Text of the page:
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Movies Like 'Scream' to Watch Next

If you're looking for more frighteningly fun slasher films like 'Scream,' here are 10 movies to watch next.

Katie Song
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Ghostface in 'Scream'

Miramax

Inspired by real-life events of the Gainesville Ripper, Screamrevitalized the slasher genre with a satirical and comedic twist on some of horror's most classic films. Between the pizza orders, boyfriends, and prank calls, Scream features some of the slasher genre's best kills, twists, and bits.

Directed by Wes Craven, director of the popular horror flick A Nightmare on Elm Street, Scream follows a group of high school students who become the targets of a masked killer in the costume known as Ghostface. Taunted by seemingly harmless phone calls, the group of friends struggle to determine who the caller and killer are as they continue to get picked off one by one. 

The film was most notably self-aware for its time and genre, featuring a group of characters who are well aware of horror film tropes and clichés. Also distinct in its casting of already well-known actors (a choice few horror films had made up to this point), Scream went on to become a successful franchise, with four sequel films that have come out to date. An untitled sixth Scream film is slated to be released March 31, 2023. 

The original film stars Neve Campbell, David Arquette, Courteney Cox, Matthew Lillard, Rose McGowan, Skeet Ulrich, Jamie Kennedy, and Drew Barrymore. Inspired by writer Kevin Williamson's own love for horror films, Scream is also known to be influenced by horror films such as Halloween(1978) and Friday the 13th(1980).

If you're looking for more frighteningly fun films like Scream, here are 10 movies to watch next, ranked by Metascore.


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Jamie Lee Curtis (left) in 'Halloween'

Universal Pictures

Halloween (1978)

Metascore: 87
Best for: Fans of Jamie Lee Curtis and catchy (but creepy) movie scores
Where to watch:

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Runtime: 91 minutes

Marking the film debut of iconicized horror queen Curtis, this 1978 slasher film tells the story of mental patient Michael Myers (Nick Castle) who was sent to a sanitarium after he was found to have murdered his teenage sister on Halloween night when he was only 6 years old. Fifteen years later, he escapes and returns to his hometown where he stalks Laurie Strode (Curtis), a charismatic girl-next-door type high schooler who must battle for her own life when babysitting on Halloween night. The film was so successful upon its release that it launched a 13-film franchise. Most notably, a direct sequel trilogy was released in 2018, starring Curtis as Strode again. The final film of this series, Halloween Ends, was released Oct. 14.

"Halloween is the fountainhead. Few have been able to match the level of craft and psychological depth on display here. Halloween is a landmark, and a legitimately enduring classic." — Josh Larsen, Larsen On Film


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Sissy Spacek in 'Carrie'

United Artists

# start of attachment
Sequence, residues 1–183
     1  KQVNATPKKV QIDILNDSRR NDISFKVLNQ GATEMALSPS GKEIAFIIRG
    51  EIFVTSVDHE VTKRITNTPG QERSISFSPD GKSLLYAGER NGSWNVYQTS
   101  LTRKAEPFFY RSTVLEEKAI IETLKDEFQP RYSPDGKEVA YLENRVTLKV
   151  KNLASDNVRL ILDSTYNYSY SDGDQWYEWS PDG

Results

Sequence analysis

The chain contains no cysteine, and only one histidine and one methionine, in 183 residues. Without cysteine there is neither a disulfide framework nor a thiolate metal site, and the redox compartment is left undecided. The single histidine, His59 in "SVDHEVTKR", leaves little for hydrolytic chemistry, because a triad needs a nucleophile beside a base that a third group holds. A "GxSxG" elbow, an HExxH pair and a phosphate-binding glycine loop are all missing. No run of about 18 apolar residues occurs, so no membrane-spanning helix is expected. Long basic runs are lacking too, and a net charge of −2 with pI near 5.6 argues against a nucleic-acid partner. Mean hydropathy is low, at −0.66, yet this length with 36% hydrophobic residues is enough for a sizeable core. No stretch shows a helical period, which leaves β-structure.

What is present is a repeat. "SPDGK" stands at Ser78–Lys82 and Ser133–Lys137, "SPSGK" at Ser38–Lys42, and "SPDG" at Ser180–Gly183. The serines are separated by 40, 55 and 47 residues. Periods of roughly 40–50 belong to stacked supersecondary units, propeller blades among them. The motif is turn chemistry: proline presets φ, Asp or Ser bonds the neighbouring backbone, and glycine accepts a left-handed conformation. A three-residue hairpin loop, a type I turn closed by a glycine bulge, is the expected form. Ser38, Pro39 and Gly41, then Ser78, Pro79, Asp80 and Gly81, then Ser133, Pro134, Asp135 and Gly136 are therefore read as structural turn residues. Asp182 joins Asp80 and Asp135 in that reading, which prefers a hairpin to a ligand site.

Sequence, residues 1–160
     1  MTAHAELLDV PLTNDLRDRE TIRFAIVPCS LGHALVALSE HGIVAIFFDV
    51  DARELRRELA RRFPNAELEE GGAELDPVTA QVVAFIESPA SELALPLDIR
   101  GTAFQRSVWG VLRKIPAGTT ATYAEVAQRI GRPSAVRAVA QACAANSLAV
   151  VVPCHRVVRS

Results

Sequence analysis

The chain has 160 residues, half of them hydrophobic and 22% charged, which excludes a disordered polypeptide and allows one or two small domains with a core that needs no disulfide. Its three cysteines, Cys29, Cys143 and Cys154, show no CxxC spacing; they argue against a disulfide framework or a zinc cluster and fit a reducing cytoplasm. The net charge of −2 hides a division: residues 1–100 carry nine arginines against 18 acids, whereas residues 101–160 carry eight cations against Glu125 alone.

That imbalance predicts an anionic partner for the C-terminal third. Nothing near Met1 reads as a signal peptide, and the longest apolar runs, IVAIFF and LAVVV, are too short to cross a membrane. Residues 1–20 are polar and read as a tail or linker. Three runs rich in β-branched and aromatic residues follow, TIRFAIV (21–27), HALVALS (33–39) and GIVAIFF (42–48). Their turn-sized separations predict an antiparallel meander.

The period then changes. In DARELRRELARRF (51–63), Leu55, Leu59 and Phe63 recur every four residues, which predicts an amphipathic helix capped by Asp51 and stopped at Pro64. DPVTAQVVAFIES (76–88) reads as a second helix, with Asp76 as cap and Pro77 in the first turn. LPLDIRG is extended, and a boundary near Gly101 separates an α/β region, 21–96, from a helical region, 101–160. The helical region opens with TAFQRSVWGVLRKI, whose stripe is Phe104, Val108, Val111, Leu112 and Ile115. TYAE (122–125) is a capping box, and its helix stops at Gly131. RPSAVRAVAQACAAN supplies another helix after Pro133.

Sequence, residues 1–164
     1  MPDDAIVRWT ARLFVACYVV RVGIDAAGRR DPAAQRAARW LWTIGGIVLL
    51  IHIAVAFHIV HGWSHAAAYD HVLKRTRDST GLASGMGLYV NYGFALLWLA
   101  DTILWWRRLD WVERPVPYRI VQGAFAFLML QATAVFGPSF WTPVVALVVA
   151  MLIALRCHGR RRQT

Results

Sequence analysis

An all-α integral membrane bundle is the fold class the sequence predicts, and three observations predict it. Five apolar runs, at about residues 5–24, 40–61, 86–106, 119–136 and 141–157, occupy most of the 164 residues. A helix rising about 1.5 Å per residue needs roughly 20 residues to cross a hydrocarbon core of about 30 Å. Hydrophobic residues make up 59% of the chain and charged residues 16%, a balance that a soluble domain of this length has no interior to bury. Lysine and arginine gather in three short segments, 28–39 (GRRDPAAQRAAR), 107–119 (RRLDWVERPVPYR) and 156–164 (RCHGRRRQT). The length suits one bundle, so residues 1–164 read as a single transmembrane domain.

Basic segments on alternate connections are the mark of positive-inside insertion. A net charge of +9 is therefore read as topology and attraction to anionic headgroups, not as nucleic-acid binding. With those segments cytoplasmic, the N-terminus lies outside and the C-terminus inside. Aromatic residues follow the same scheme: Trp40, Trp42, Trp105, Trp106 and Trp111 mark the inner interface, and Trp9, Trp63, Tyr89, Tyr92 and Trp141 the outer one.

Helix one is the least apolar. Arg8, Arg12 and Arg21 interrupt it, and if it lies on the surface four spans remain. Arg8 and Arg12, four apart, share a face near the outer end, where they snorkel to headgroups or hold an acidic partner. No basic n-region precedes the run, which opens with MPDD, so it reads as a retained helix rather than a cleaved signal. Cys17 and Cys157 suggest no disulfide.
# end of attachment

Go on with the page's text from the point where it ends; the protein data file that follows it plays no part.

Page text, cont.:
Carrie (1976)

Metascore: 85
Best for: Fans of prom night and pig's blood
Where to watch:

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Runtime: 98 minutes

Adapted from the Stephen King novel of the same name, this 1976 supernatural horror film follows Carrie White (Sissy Spacek), a shy 16-year-old who is constantly made fun of and bullied at school. When an especially degrading prank is pulled on Carrie on prom night, the quiet teen finds she has abilities that are stronger and deadlier than anything anyone in the town has seen. The film was critically acclaimed (notable for a horror film) and received two Academy Award nominations that year for Best Actress for Spacek and Best Supporting Actress for Piper Laurie, who plays Carrie's religious and dysfunctional mother Margaret.

"This is a truly throat-grabbing horror movie, sporting a handful of pitch-perfect set-pieces, not to mention one of the few examples of effective split-screen." — Tom Huddleston, Time Out London


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'It Follows'

RADiUS-TWC

It Follows 

Metascore: 83
Best for: Fans of psychological horror films and one-night stands
Where to watch:

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Runtime: 100 minutes

This 2014 horror film follows Jay (Maika Monroe), a young woman who is being followed by a mysterious supernatural entity after having sex with her new boyfriend Hugh (Jake Weary). Jay learns that the only way to evade the murderous entity is to pass it on to another person through intercourse. Once the entity kills its targeted victim, the previous person to have passed it on becomes the next target. What ensues is a race against time (and sex) as Jay and her friends try to find a way to stop the entity and break the deadly chain. It's an interesting twist on the theory (brought up in Scream) that only characters who are virgins are able to survive killers.

"A first-rate horror movie, It Follows adds a new monster to the pantheon and has a refreshing, unpretentious sense that a meaningful subtext doesn't undercut spookiness." — Kim Newman, Empire


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'The Texas Chain Saw Massacre'

Bryanston Distributing Company

The Texas Chain Saw Massacre (1974)

Metascore: 78
Best for: Fans of slashers and power tools
Where to watch:

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Runtime: 83 minutes

Based and shot in central Texas, this slasher film stars a relatively unknown cast who play a group of friends that find themselves in a fight for their lives against a family of cannibals. Loosely inspired by real events, the film dishes out grisly murders, disturbing concepts, and groteque costuming. The Texas Chain Saw Massacre is known for originating now popular elements of the slasher genre, such as using power tools as murder weapons and identifying the killer as a large, faceless figure. Despite being banned in several countries in response to protests of its violence, the film was largely successful in the box office and has earned its reputation as one of the most influential slasher films of its time.

"A black-humored, unflinching look at the Ugly American at his psychotic worst. And Tobe Hooper is at his best as a writer and director here." — Chris Parcellin, Film Threat